Skydiving over Florence

The ultimate flight over the Renaissance capital

Helen Farrell
July 17, 2019 - 14:52

Now, I see the sky in a different light. This weekend, I eyed up my terrace’s base-jumping potential and obsessed as a drone was piloted downriver. On Friday, I tumbled out of a plane at 4,000 metres on a tandem skydive, the most empowering experience in my life to date.

 

 

 

 

The world stops for a long second. It’s silent and unnerving. It’s a feeling I’ve never experienced before: absolute peace, a rebirth, my own personal renaissance.

 

 

It started off as a Call My Bluff. One of the founders of The Florentine received the message. “Fancy doing a skydive?” For a month and a half, we sat on it. Then Giovanni upped the ante in a WhatsApp dare: Helen buttati!!! We walked on eggshells, not addressing the subject for a few days. Then I decided to bluff him back, which resulted in a date being set and no easy way out. Except down.

 

 

Leonardo’s partly responsible for this out-of-character decision. The five-hundredth anniversary of his death is forever on our minds this year—and, in this instance, the Renaissance genius’s penchant for flight. Leonardo’s friend and colleague Tommaso Masini is said to have tested the ornithopter over 1,000 metres near Fiesole’s Monte Ceceri nature reserve before landing abruptly, breaking a leg and putting an end to the first human flight in history. Moving swiftly on...

 

 

The experience starts as soon as you make the decision to go for it. Mind over matter. Belief over disbelief. There is no room for second guessing. Villa Strozzi Machiavelli is the hub of Skydive Dream’s activities, nestled in the hills of Bellosguardo, a 15-minute walk from Porta Romana. Established in the twelfth century as a watchtower protecting the south side of the river, the tranquil bed and breakfast calms your nerves as the professional team point out the landing strip in a clearing at the back of the villa.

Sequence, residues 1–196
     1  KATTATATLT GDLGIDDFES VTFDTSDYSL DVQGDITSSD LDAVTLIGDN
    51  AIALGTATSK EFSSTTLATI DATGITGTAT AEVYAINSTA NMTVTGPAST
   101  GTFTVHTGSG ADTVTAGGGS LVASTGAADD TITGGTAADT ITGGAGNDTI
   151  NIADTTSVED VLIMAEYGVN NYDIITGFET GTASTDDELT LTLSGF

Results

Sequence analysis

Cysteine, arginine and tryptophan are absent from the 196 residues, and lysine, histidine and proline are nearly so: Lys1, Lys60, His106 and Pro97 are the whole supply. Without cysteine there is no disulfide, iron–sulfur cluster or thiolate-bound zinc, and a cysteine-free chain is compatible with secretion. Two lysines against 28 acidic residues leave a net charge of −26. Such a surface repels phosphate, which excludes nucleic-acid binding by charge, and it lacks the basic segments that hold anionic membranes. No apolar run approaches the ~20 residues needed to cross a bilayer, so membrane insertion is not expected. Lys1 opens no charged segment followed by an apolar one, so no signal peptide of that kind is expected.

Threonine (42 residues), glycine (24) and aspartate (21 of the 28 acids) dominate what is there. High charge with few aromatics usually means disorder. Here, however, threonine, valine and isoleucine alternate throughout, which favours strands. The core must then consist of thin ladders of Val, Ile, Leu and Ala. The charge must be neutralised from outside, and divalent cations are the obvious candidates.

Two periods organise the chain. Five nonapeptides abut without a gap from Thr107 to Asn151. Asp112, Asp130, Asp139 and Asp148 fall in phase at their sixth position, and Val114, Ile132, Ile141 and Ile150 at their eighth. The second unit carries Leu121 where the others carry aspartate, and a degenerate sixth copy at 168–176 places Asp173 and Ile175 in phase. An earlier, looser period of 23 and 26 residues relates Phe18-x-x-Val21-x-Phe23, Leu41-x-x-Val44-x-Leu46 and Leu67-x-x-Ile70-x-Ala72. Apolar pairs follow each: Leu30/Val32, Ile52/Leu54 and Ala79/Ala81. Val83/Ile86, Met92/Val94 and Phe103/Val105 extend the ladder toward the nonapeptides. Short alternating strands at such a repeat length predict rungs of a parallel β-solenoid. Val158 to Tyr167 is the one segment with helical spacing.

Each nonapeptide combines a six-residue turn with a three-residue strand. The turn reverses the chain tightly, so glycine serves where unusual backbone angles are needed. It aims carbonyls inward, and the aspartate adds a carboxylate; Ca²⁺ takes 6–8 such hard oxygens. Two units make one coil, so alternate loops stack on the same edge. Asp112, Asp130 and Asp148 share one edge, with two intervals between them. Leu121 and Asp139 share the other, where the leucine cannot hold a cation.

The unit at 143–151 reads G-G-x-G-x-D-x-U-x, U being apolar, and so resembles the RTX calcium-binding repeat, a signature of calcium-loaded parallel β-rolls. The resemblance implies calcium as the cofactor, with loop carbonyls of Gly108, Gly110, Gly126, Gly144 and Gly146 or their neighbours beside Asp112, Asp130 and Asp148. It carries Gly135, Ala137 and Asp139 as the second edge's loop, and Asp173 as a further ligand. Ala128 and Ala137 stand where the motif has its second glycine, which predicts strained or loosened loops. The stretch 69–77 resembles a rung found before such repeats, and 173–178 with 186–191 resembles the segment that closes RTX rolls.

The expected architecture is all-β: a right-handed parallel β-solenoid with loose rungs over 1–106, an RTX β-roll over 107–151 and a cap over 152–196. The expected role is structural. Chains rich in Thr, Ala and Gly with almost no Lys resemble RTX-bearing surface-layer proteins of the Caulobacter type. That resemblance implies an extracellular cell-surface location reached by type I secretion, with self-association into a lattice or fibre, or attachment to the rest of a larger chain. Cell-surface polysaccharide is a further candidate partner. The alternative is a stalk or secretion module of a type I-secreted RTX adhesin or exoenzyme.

The Florentine's Giovanni Giusti and Helen Farrell before takeoff

 

 

 

We pile into a van with two Swedish guys who’d been nursing a skydiving dream for a while. “We always said we’d do it. We’re on holiday in Tuscany and this opportunity came up, so we decided to go for it to celebrate my thirtieth.”

 

 

Arriving at the airport (Arezzo for us, but it’s usually Florence), my instructor Francesco, the group’s only purebred Florentine, wastes no time fitting me into the harness, checking, double checking and triple checking the trussing before teaching the two positions to adopt in the air: a banana-like poise for the jump and a sort of star stance during freefall.

 

 

As the teeny plane takes off, the adrenaline strikes. Realisation dawns that there’s no turning back, that you’re voluntarily going to do something crazy. Twenty minutes pass and everyone’s bravado looks less convincing. Then the door opens, you give the thumbs up and you’re tumbling through the air. It’s disorientating, disturbing, real and unreal all at once. The air whips at your face and exposed skin, the goggles covering your eyes. During the 60 seconds of freefall, the earth looks no nearer and the feeling is more akin to floating than falling. Francesco taps my shoulders and I somehow remember to extend my arms and legs in a take on Titanic. Recalling his words in the briefing, I do my best to embrace the air, not to tense and resist it. Meanwhile, cameraman Max, a celebrity in the extreme sports world, has appeared out of nowhere. We exchange a high-five midair. I’m smiling and laughing, and loving every split second of this crazy adventure.

 

 

 

High-five midair